The Exelon Generation Company (EGC), or the licensee, is the holder of Facility Operating License No. DPR-2, which authorizes operation of the Dresden Nuclear Power Station (DNPS), Unit 1. The license provides, among other things, that the facility is subject to all rules, regulations, and orders of the U.S. Nuclear Regulatory Commission (NRC, the Commission) now or hereafter in effect.
DNPS, Unit 1, is located approximately 50 miles southwest of Chicago in Grundy County, Illinois. DNPS, Unit 1, was shut down in October 1978. On July 23, 1986, NRC issued Amendment No. 36 to License DRP-2 for DNPS, Unit 1, changing the license to possess-but-not-operate status. The licensee at that time, Commonwealth Edison, informed the NRC that it had decided to permanently cease operations at DNPS, Unit 1, and that all fuel had been permanently removed from the reactor. In accordance with 10 CFR 50.82, upon docketing of the certifications in August 31, 1984, the facility operating license no longer authorizes the licensee to operate the Start Printed Page 45769reactor or to load fuel into the reactor vessel.
Section 140.11(a)(4), Part 140 Title 10 of the Code of Federal Regulations (10 CFR) requires a reactor with a rated capacity of 100,000 electrical kilowatts or more to maintain liability insurance of $200 million and to participate in a secondary insurance pool.
EGC requested to be exempted from participation in the secondary insurance pool based on the permanently defueled status of DNPS, Unit 1. Subpart, Part 140.11(a)(4), applies to applicants for and holders of licenses issued pursuant to 10 CFR Part 50.
The NRC may grant exemptions from the requirements of 10 CFR Part 140 of the regulations which, pursuant to 10 CFR 140.8, are authorized by law and are otherwise in the public interest. The underlying purpose of Section 140.11 is to provide sufficient liability insurance to ensure funding for claims resulting from a nuclear incident or a precautionary evacuation.
On December 18, 2001, EGC requested an exemption from the financial protection requirement limits of 10 CFR 140.11(a)(4). The exemption would allow EGC to withdraw from participation in the secondary insurance pool based on the permanently defueled status, with all spent fuel removed from the spent fuel pool of DNPS, Unit 1. By letter received on February 13, 2002, the licensee notified the NRC that as of January 15, 2002, the DNPS, Unit 1, spent fuel storage pool no longer contains spent fuel assemblies.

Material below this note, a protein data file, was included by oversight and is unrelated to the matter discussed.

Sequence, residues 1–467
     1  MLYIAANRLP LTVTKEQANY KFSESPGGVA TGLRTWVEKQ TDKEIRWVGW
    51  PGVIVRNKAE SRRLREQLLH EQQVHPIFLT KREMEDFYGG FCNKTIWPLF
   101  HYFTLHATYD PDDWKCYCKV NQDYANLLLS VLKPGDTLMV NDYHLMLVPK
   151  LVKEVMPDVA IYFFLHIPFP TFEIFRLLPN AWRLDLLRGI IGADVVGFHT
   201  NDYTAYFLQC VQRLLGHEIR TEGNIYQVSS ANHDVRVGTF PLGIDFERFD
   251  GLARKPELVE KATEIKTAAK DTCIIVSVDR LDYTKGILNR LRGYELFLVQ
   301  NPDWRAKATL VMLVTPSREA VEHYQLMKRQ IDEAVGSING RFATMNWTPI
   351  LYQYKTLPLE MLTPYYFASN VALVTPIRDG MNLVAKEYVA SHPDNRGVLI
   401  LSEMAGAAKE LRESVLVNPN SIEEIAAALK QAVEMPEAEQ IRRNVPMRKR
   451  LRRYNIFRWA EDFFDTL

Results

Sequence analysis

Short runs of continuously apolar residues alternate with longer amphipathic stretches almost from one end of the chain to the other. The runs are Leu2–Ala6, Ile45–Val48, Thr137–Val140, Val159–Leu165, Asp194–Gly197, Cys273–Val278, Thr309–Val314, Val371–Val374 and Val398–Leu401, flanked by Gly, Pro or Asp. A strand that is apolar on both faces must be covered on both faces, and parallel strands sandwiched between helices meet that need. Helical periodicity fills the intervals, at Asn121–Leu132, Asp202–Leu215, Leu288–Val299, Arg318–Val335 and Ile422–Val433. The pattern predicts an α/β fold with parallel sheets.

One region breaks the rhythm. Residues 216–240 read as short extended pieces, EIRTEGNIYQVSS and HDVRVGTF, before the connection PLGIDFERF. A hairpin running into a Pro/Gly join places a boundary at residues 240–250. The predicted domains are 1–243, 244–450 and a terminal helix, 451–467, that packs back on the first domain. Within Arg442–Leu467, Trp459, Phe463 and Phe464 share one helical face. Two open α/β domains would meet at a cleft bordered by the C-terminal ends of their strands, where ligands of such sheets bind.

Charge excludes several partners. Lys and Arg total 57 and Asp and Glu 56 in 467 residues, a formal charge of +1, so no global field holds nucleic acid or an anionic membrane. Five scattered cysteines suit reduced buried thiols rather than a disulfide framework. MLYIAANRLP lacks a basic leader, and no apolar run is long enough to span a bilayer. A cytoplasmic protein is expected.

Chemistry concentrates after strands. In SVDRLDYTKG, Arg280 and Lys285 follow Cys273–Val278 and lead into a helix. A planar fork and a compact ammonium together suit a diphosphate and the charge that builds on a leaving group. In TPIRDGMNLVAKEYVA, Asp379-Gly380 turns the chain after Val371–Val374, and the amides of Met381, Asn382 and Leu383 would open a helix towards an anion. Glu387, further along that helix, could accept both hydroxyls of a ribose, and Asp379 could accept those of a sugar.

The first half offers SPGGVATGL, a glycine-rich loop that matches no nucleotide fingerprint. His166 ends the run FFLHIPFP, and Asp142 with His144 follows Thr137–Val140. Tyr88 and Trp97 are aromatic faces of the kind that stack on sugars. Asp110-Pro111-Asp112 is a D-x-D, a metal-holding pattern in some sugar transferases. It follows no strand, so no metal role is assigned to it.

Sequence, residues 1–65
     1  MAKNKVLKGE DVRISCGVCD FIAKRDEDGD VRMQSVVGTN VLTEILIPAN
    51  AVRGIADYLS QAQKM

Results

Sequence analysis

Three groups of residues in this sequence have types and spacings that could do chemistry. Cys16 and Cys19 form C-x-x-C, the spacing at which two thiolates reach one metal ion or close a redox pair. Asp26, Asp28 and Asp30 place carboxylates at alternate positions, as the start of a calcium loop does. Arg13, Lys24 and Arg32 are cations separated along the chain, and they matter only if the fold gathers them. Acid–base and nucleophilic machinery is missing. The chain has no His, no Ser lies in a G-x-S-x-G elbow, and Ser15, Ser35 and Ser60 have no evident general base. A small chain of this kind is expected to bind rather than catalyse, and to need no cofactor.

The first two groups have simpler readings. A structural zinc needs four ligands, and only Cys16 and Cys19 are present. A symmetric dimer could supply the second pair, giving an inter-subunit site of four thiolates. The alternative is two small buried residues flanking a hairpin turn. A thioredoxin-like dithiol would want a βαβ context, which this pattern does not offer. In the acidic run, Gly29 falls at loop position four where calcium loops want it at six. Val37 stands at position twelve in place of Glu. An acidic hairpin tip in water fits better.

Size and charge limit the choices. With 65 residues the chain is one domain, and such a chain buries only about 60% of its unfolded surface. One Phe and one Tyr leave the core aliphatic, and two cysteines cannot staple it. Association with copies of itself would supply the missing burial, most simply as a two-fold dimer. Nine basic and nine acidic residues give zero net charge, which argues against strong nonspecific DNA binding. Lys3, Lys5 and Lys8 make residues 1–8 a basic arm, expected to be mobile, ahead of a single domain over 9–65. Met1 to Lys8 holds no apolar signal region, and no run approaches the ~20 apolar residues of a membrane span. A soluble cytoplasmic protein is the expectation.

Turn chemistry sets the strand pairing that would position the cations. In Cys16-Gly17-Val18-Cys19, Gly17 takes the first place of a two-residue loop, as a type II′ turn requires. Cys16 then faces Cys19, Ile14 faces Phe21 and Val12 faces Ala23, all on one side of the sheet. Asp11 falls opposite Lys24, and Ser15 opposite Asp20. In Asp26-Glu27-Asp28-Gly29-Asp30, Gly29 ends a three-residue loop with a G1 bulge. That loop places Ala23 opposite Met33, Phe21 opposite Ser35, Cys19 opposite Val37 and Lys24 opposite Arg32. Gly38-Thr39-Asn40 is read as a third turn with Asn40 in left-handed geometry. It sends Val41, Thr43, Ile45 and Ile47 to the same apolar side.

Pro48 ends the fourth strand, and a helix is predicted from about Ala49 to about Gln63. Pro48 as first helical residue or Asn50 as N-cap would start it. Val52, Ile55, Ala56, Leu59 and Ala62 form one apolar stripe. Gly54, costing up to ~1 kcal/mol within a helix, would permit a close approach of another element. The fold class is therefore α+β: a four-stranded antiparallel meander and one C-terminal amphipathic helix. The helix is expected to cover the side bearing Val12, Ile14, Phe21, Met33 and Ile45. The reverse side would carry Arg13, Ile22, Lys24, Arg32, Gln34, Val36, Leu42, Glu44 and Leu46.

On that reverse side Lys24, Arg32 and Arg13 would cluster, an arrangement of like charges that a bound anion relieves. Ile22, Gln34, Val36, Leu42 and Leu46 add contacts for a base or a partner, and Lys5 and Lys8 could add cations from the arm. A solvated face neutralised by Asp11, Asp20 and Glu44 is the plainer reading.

The DNPS, Unit 1, spent fuel assemblies were either relocated to the DNPS, Unit 3, spent fuel pool or were loaded into dry cask storage containers and relocated to the independent spent fuel storage installation (ISFSI).
The financial protection limits of 10 CFR 140.11 were established to require a licensee to maintain sufficient insurance to cover the costs of a nuclear accident at an operating reactor. Those costs were derived from the consequences of a release of radioactive material from the reactor. In a permanently shutdown and defueled reactor facility, the reactor will never again be operated, thus eliminating the possibility of accidents involving the reactor. Because DNPS, Unit 1, no longer contributes as great a risk as does an operating reactor plant, this reduction in risk should be reflected in the indemnification requirements to which the licensee is subject. The NRC staff examined the licensee's rationale to support the exemption request and concluded that the exemption only involves changes to indemnity insurance.